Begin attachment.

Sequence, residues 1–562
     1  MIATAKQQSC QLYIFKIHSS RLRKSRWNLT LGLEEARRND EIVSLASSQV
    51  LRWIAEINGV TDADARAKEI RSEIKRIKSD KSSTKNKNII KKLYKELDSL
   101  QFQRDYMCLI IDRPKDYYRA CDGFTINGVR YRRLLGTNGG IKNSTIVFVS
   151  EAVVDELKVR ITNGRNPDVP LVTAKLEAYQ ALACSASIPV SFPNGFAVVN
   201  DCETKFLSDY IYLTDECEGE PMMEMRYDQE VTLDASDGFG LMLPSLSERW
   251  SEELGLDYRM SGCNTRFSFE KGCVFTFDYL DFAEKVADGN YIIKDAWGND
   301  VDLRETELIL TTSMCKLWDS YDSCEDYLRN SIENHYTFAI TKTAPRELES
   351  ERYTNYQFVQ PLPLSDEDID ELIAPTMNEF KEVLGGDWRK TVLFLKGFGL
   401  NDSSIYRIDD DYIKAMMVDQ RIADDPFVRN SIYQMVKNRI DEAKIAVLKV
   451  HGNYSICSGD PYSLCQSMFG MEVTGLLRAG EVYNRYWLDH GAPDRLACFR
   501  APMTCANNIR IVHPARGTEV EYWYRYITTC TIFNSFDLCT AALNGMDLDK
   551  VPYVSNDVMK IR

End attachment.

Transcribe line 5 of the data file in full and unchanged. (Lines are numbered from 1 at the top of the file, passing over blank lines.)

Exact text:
   151  EAVVDELKVR ITNGRNPDVP LVTAKLEAYQ ALACSASIPV SFPNGFAVVN